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Green Building News

Steps Forward and Back in Brooklyn, NY

A mixed-use building in Williamsburg aims to be the first in the city to earn Passive House certification, while a long-planned net-zero-energy project in the Red Hook neighborhood is sidelined by the city’s Department of Buildings

A mixed-use Passive House project – retail store on the bottom, residential on the upper floors – in the Williamsburg section of Brooklyn, New York. It aims to be the first project in the city to be certified by Passive House Institute U.S.
Image Credit: Loadingdock5 Architecture (images 1-6, and 8); Red Hook Green (image 7)
View Gallery 8 images
A mixed-use Passive House project – retail store on the bottom, residential on the upper floors – in the Williamsburg section of Brooklyn, New York. It aims to be the first project in the city to be certified by Passive House Institute U.S.
Image Credit: Loadingdock5 Architecture (images 1-6, and 8); Red Hook Green (image 7)
The back of the mixed-use building in Williamsburg, Brooklyn. The building’s 8-in. concrete masonry walls, with 7-in. expanded-polystyrene insulation. A dark-gray insulating finish system was added soon thereafter. Earlier this month, Loadingdock5 Architecture, which is leading the Passive House project in Williamsburg, developed a plan for window installations that features a free-floating wood box to hold the window, “with the key being for the box not to touch the brick at any point,” according to the firm’s website. The separations between frame and brick on all four sides of the window were to be filled with polyurethane foam to help stabilize the box and provide a thorough thermal barrier. A detail of a window installation at another Loadingdock5 Passive House project, also in Brooklyn. A section of the south-facing wall of the Passive House project in Brooklyn. Now derailed by an adverse ruling by New York City’s Department of Buildings, this building, proposed for Brooklyn's Red Hook neighborhood, would have combined residential and commercial uses, and was designed to operate at net zero energy. Another detail from the Loadingdock5 Passive House in Williamsburg.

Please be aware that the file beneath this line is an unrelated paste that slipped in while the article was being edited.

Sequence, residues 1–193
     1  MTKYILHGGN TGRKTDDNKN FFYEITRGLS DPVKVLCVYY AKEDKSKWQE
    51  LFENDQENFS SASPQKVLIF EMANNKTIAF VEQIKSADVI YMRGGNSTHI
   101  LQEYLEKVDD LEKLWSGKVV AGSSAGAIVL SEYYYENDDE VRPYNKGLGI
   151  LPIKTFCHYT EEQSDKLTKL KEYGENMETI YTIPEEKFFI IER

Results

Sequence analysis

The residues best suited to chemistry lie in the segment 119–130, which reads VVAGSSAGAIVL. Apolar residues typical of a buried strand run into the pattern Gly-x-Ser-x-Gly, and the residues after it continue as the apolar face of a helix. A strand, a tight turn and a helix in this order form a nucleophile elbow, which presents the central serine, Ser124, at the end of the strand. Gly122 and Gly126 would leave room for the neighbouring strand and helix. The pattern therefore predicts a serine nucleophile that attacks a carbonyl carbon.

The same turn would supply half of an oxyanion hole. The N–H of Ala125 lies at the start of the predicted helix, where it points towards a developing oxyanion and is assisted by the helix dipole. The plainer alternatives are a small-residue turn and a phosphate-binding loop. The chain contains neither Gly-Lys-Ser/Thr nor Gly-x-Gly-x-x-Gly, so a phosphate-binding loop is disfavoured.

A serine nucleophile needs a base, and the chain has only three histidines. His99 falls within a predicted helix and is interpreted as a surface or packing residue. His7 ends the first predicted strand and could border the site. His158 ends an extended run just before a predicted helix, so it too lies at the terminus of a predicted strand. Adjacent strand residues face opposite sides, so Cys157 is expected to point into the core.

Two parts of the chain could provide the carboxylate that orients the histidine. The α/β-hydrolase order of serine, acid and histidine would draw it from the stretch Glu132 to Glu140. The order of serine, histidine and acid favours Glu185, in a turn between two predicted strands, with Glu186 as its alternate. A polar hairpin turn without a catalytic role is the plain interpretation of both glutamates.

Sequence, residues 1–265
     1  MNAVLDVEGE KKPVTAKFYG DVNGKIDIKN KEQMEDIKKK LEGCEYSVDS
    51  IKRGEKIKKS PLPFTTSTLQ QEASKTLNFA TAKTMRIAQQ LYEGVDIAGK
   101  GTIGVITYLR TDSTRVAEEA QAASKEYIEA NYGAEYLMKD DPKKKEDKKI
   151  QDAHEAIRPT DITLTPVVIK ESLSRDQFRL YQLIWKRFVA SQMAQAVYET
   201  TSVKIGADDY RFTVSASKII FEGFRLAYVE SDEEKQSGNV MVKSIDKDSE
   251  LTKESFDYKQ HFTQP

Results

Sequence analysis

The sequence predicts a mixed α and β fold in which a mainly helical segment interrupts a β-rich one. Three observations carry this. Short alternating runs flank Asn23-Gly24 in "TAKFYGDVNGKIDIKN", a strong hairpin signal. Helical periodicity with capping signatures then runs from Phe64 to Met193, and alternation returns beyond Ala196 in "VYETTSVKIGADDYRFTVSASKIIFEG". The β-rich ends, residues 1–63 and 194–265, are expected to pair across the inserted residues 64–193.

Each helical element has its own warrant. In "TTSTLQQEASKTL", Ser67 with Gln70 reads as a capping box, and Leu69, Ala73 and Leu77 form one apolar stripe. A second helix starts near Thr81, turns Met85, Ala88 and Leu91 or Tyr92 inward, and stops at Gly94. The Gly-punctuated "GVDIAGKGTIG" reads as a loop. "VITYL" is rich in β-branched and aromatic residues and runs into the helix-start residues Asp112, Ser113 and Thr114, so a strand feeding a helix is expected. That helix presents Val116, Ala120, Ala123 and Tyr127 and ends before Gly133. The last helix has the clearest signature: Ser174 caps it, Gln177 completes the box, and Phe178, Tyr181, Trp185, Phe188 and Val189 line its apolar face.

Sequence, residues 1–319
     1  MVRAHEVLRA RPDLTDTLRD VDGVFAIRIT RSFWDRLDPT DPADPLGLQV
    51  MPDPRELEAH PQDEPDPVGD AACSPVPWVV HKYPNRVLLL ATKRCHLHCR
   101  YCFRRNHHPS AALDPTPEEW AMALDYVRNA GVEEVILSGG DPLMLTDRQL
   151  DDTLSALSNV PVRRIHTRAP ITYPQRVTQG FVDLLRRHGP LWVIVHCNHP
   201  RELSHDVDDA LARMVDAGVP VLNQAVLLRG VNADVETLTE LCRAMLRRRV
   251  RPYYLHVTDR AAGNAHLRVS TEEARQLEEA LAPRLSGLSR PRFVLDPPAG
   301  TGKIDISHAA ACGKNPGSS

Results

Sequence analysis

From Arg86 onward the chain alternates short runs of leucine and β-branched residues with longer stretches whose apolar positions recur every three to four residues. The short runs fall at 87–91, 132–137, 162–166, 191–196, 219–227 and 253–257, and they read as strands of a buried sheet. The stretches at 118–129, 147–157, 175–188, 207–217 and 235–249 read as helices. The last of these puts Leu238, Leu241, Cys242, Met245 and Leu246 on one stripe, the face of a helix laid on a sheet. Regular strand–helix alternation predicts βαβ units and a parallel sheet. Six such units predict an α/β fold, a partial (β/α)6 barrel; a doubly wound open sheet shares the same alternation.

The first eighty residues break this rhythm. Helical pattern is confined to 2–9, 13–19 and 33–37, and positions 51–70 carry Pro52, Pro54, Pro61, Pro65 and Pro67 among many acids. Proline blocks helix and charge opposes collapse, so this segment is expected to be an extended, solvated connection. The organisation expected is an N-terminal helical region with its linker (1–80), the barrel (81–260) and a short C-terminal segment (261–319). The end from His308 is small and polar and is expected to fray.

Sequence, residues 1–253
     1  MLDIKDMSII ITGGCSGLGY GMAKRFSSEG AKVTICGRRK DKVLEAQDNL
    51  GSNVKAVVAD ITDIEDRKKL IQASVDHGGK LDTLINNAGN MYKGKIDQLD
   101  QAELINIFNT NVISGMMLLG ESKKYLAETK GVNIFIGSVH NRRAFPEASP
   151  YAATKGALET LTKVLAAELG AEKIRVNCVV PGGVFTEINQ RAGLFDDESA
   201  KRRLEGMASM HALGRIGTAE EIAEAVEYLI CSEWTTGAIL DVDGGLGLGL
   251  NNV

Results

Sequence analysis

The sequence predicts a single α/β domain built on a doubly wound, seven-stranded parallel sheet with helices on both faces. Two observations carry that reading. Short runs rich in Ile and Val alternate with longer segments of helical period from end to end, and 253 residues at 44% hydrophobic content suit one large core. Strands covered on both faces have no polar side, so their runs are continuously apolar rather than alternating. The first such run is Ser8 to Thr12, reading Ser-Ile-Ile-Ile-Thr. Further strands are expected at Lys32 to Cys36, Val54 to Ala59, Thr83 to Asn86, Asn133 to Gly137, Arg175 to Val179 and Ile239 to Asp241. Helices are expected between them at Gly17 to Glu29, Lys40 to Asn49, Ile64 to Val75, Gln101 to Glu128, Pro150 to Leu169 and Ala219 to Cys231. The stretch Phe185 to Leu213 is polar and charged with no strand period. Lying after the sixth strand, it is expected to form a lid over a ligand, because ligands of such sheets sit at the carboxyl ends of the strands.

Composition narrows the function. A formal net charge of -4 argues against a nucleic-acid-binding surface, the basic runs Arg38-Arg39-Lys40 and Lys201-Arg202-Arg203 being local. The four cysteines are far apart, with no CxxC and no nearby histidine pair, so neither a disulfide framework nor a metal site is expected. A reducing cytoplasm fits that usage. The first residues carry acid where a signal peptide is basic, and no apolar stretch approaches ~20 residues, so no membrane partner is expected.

There are signs that the housing market in Brooklyn, New York, may be inching toward recovery, according to recent analyst reports. And even though the borough is not a major source of real estate bargains, it is home to some interesting urban-green projects with residential components.

One of them, a home with a ground-floor retail store in the Williamsburg section of Brooklyn, is being built to Passive House standards by locally based Loadingdock5 Architecture. And if it performs as expected, it will be the first such building in New York City to earn Passive House certification.

In fact, the project, which includes 1,290 sq. ft. of store area and mechanical rooms, and 2,125 sq. ft. of residential space, is nearing completion. The exterior of the 8-in. concrete masonry walls has been clad in 7 in. of expanded polystyrene insulation and an exterior insulating finish system. The windows have been installed and, according to Loadingdock5 principal Sam Bargetz, a blower-door test will be scheduled shortly after a modified Bilco roof hatch is installed and sealing has been completed on the still-exposed interior of the concrete masonry and the steel deck that extends off the rear of the second floor.

“We are quite confident that we will get to the 0.6 air-changes/hour” performance standard that is among the requirements for certification, Bargetz told GBA. (Loadingdock5 performed a blower-door test a couple weeks ago as a demonstration for students at Parsons The New School for Design.)